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At the time of writing this post, you have 358 days to make something of the year 2018. If you think in terms of years lived, a year is a solid time span to get something done, to change a habit, to have adventures, to bring a family together, to… to… to… you name it! Even if you, like the Epicureans, see seeking pleasure as your goal in life, and you commit to the Carpe diem motto Horace espoused by enjoying the moment, you still have to decide what comprises that enjoyment. Aren’t we all enjoyment seekers? I can’t imagine anyone wishes for a year of suffering, of boredom, a year of strife, unless your name is the ‘Drumpf’ or Ebenezer Scrooge.
Epicures didn’t encourage hedonism, but believed to find pleasure one had to curb desires, simplify life, and gain knowledge of the workings of the world. The philosophers from long ago had living figured out way before us, and we can learn from them.
So here we go, what do you want to do with your precious year 2018?
To answer this question, I’ve come up with a few questions to ask yourself:
1. Do my actions serve me? i.e. Leave me feeling better/vibrant/satisfied/accomplished/loved?
2. Do my actions serve the greater purpose of enhanced experience, enhanced living,
i.e. increase my awareness, improve my health, vitality, emotional balance?
3. Do my actions leave someone else feeling better/satisfied/loved/enlivened?
4. Do my actions serve others/the planet?
Let’s see how these questions could play out:
Question 1, How does this serve me, applied to sleep: In winter, I end up going to bed earlier, sleeping longer, skipping the late night snack and having fewer hours in a day to wrestle with calorie intake. In summer I get up earlier, go for an early morning hike, work in the garden or write before my brain gets clogged by news and other distractions. Winner!
Question 2, how does this enhance my experience? Applied to food and weight maintenance: If I ask these questions while I’m eating or preparing food, my chewing slows down, and I relish my food more (I am a foodie, no way around it); I chew my food more thorough, avoiding run-ins with my aging teeth, and improving my digestion. I’m not a lingering person, so I won’t be able to eat as much since I’m ready to move on to the next thing. Winner!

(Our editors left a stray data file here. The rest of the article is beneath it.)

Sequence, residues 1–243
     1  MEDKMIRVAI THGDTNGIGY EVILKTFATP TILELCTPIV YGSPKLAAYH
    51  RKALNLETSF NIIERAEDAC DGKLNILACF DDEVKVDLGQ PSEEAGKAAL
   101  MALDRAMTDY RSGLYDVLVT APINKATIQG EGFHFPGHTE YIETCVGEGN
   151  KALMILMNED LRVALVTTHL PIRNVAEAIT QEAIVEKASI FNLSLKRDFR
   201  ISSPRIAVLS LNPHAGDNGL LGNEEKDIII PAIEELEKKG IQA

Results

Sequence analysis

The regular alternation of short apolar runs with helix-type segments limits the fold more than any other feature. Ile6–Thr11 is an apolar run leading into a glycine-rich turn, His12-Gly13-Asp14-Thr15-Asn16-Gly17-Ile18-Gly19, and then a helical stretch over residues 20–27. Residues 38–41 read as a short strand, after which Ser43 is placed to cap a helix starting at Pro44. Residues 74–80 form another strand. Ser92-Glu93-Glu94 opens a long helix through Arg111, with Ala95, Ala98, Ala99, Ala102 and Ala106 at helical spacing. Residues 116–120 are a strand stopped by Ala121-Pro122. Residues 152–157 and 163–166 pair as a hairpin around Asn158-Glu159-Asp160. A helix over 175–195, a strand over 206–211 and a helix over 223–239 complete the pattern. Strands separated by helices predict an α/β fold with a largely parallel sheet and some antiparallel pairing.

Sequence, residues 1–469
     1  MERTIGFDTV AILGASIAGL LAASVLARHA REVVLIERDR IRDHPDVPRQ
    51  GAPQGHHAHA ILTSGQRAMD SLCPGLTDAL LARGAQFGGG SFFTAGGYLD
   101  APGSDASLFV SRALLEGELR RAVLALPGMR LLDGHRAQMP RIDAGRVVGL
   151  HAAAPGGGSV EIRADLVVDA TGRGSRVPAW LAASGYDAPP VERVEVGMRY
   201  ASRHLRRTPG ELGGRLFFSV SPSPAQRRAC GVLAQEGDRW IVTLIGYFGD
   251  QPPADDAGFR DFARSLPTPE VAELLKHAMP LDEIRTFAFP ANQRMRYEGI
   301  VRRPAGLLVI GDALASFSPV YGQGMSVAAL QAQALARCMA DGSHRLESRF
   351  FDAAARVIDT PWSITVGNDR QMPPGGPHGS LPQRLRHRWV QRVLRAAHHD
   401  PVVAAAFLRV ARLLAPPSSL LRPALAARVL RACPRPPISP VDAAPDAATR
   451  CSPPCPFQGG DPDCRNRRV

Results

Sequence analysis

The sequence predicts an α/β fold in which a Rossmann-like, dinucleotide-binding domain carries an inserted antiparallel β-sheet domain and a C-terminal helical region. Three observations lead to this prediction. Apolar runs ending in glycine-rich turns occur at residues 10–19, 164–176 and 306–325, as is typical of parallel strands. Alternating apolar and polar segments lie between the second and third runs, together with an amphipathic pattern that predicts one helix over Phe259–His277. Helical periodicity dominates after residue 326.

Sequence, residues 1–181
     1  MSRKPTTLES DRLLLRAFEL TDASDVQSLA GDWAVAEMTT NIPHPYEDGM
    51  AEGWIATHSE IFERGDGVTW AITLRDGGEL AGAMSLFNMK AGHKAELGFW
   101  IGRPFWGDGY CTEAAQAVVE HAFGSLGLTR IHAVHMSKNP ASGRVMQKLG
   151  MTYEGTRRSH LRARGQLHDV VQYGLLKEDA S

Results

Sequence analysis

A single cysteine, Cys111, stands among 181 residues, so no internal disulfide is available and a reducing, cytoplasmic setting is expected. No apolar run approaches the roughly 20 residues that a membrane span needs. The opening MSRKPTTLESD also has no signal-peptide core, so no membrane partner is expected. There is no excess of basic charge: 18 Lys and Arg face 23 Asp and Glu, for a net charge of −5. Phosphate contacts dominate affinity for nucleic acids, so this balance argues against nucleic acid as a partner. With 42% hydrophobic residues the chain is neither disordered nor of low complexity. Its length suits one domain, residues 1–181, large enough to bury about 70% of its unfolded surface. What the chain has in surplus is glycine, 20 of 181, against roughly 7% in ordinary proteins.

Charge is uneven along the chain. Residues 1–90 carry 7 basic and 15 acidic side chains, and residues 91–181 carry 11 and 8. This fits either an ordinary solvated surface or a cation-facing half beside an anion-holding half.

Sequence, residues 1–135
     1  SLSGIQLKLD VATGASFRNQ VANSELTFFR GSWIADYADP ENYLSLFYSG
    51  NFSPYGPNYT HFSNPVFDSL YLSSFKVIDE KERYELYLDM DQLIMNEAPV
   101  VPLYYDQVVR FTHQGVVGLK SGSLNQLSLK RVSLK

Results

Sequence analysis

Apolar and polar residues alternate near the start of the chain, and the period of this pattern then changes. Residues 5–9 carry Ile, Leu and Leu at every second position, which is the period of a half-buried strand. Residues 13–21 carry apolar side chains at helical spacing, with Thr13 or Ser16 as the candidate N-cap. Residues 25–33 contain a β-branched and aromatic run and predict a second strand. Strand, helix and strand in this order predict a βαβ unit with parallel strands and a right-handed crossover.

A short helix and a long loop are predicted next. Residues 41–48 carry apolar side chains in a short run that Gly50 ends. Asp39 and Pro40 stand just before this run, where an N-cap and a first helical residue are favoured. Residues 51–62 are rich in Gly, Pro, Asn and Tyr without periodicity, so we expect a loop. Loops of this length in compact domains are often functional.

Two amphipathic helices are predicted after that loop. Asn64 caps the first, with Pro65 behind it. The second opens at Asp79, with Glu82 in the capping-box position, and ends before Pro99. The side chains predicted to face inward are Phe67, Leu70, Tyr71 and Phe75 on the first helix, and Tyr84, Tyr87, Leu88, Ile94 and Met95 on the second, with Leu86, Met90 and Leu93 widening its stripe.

Question 3, Does this make someone feel better, applied to communication: Since talking is overrated in my book, a sort of chasing your own tale thing I’ve been know to do, I listen more when I ask myself the questions. Instead of talking, I end up asking others a question to bring out their stories. One pertinent question can evoke a long story. Others feel better because someone is listening; I use my brain thinking up pertinent questions and I get new material to write my blogs; writing blogs is more creative than talking. A winner!
Question 4, Does this serve others/the planet, applied to making and drinking homemade chai-tea: I enjoy the ritual of simmering spices before adding the tea, having a pot on the stove ready for anyone who drops in on me. No packaging (I use loose tea), or throwaway cups to litter the planet, no need for “air-fresheners”, the spices do the trick of making my house feel good and reducing inflammation. There is always chai on hand to put in a thermos when I go on a winter hike or long car ride, again, not using throwaway cups on the road. Used tea and spices will speed up my compost pile. You get the idea, and if you don’t enjoy chai-tea, substitute soup. A simple act, a winner in many ways!
What if DT asked himself these questions with regard to his Tweeting? With regard to playing golf with a security entourage every weekend, to watching Fox news to become “informed”? Yes, all his actions aim at making himself feel better, enlivened, and America Great Again, but forget about making him or others feel healthier, loved, accomplished, or emotionally more balanced. Oh, I could only wish!
If you are an engaged human, your days fill up with events, projects, family and societal obligations and (YES) distractions. To increase pleasure in living the next 358 days, take time daily to reflect on what and why you’re doing what you’re doing. I can’t expect others to transform their life by asking these questions, but I know some readers may want to give it a try. You’ll soon find that your actions take a positive course.
The Winning Point: You need not make a list of New-Year’s resolutions to improve your life!
Have a happy 2018!
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